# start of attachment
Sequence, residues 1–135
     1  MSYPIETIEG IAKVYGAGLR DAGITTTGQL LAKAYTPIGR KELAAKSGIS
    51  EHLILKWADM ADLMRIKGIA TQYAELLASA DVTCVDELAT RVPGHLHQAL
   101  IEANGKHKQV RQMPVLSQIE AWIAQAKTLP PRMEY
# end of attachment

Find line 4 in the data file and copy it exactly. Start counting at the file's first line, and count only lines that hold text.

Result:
   101  IEANGKHKQV RQMPVLSQIE AWIAQAKTLP PRMEY